The data shown in this table refer to, in principle, the average hours of work according to the broadest economic activity distinctions of all major divisions or categories of the International Standard Industrial Classification of all economic activities, ISIC. Two versions of ISIC are used to present statistics, ISIC rev.2 and ISIC rev.34. Major Divisions (for ISIC rev. 2) or Tabulation Categories (for ISIC rev. 3) are shown as codes with an indication of the classification which is used, and the name corresponding to each code is given in the Appendix. Where the national divisions or categories differ from the international groups, this is indicated in footnotes.
This table shows average hours of work in manufacturing by major group (in ISIC rev. 2) or division (in ISIC rev.3) in the manufacturing industry. Where the national major groups or divisions differ from the international groups, this is indicated in footnotes.
1. For the full set of statistical time series on hours of work held in the ILO data base, see the ILO Department of Statistics statistical dissemination website: (http://laborsta.ilo.org).
2. For the full text of the resolution, see ILO: Current international recommendations on labour statistics (Geneva, 2000) or the ILO Department of Statistics’ website (www.ilo.org/public/english/bureau/stat).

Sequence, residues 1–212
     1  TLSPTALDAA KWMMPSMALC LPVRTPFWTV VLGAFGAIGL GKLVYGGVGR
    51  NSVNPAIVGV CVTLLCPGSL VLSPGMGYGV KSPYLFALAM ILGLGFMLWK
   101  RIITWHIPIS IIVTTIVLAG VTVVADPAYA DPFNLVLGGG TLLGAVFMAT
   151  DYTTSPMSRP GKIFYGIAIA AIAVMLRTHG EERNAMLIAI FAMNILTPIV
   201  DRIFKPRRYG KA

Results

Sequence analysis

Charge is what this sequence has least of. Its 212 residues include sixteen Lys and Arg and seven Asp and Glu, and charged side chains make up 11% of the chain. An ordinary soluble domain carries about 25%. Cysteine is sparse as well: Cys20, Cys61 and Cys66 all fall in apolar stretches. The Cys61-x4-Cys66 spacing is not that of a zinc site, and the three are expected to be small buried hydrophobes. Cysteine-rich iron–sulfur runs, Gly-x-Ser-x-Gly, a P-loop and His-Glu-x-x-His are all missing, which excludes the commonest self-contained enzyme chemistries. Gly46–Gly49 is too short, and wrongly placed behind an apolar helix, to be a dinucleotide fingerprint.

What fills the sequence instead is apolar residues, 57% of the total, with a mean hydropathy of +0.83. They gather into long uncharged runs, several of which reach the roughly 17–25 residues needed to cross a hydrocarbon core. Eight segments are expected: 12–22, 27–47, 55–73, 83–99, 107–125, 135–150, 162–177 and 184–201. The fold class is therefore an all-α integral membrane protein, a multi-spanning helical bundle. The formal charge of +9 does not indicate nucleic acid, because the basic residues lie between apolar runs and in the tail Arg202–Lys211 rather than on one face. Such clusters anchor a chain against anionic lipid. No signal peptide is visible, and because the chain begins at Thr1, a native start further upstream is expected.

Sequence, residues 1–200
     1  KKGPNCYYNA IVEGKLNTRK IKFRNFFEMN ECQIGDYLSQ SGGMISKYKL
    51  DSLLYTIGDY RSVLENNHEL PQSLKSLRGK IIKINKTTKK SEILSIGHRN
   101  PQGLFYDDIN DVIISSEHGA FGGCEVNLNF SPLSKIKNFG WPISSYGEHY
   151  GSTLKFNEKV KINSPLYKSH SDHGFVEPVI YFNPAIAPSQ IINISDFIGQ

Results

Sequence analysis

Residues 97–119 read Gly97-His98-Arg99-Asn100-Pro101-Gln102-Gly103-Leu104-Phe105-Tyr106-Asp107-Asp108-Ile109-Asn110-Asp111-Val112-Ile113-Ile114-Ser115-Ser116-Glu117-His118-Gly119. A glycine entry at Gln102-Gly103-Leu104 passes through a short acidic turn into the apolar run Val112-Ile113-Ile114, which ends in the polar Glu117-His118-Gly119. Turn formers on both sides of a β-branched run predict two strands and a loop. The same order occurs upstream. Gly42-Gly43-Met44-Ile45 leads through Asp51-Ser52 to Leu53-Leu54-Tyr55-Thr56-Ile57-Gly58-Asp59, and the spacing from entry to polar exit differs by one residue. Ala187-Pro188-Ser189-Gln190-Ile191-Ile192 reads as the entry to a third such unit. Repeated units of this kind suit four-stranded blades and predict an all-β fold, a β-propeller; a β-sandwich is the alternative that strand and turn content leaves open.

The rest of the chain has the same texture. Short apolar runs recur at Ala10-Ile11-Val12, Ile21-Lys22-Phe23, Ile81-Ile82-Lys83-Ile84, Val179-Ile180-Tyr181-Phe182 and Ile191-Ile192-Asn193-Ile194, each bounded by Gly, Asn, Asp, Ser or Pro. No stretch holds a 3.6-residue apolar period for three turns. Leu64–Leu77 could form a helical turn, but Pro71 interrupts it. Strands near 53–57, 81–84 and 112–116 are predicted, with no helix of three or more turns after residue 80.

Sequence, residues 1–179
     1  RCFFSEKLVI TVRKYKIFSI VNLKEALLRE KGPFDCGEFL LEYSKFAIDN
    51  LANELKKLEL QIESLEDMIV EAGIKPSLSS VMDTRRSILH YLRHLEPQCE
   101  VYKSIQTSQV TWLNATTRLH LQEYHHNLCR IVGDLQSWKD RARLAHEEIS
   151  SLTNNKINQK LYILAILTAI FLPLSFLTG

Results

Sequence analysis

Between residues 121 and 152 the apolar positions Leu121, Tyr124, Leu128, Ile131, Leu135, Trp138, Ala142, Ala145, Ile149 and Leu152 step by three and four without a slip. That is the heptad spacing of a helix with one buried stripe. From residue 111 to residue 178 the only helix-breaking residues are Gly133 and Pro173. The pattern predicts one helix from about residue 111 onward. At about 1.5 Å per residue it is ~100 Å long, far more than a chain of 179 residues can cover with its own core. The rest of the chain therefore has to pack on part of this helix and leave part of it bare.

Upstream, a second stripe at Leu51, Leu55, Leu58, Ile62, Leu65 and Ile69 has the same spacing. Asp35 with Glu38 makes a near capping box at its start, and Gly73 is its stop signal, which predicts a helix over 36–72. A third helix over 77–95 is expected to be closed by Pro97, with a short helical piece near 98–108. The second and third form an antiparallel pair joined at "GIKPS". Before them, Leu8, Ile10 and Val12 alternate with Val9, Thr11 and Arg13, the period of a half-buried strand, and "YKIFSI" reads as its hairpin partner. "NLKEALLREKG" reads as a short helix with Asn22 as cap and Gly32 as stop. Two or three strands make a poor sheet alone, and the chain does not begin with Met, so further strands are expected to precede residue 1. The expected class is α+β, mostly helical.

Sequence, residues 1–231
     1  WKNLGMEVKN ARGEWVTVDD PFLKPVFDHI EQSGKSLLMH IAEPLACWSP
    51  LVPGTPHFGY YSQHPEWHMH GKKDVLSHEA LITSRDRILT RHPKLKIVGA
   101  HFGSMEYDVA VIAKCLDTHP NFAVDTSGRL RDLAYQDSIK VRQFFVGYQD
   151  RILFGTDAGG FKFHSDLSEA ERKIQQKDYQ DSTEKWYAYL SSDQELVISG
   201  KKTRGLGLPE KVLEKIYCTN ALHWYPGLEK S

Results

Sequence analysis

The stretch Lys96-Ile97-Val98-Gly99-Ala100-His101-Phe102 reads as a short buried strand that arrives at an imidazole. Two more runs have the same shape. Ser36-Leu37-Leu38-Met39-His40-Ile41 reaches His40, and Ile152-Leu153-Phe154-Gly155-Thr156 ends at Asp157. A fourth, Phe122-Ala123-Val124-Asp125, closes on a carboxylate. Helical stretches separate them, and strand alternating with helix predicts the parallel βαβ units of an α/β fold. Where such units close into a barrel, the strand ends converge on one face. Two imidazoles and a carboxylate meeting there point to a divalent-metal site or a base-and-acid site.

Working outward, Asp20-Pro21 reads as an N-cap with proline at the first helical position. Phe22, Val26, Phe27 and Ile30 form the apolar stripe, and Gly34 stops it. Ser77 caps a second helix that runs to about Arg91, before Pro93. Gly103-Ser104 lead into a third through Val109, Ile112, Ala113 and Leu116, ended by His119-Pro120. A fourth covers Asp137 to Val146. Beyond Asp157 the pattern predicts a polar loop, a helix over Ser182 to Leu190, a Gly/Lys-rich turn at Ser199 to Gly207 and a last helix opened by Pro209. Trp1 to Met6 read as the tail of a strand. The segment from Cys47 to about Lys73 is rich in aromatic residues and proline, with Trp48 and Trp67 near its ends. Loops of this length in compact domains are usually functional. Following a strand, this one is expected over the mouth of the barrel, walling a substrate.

3. For information on the differences in scope, definitions and methods of calculation, etc., used for the various national series, see ILO: Sources and Methods: Labour Statistics (formerly Statistical Sources and Methods), Vol. 2 : ~ Employment, wages, hours of work and labour cost (establishment surveys)~ , second edition (Geneva, 1995); Vol. 3 : ~ Economically active population, employment, unemployment and hours of work (household surveys)~ , second edition (Geneva, 1990); Vol. 4 : ~ Employment, unemployment, wages and hours of work (administrative records and related sources)~ (Geneva, 1989). All these volumes can be consulted online at our statistical website http://laborsta.ilo.org.
4. The detailed classifications can be consulted on the UN Statistical Division website at: http://unstats.un.org/unsd/class/default.htm.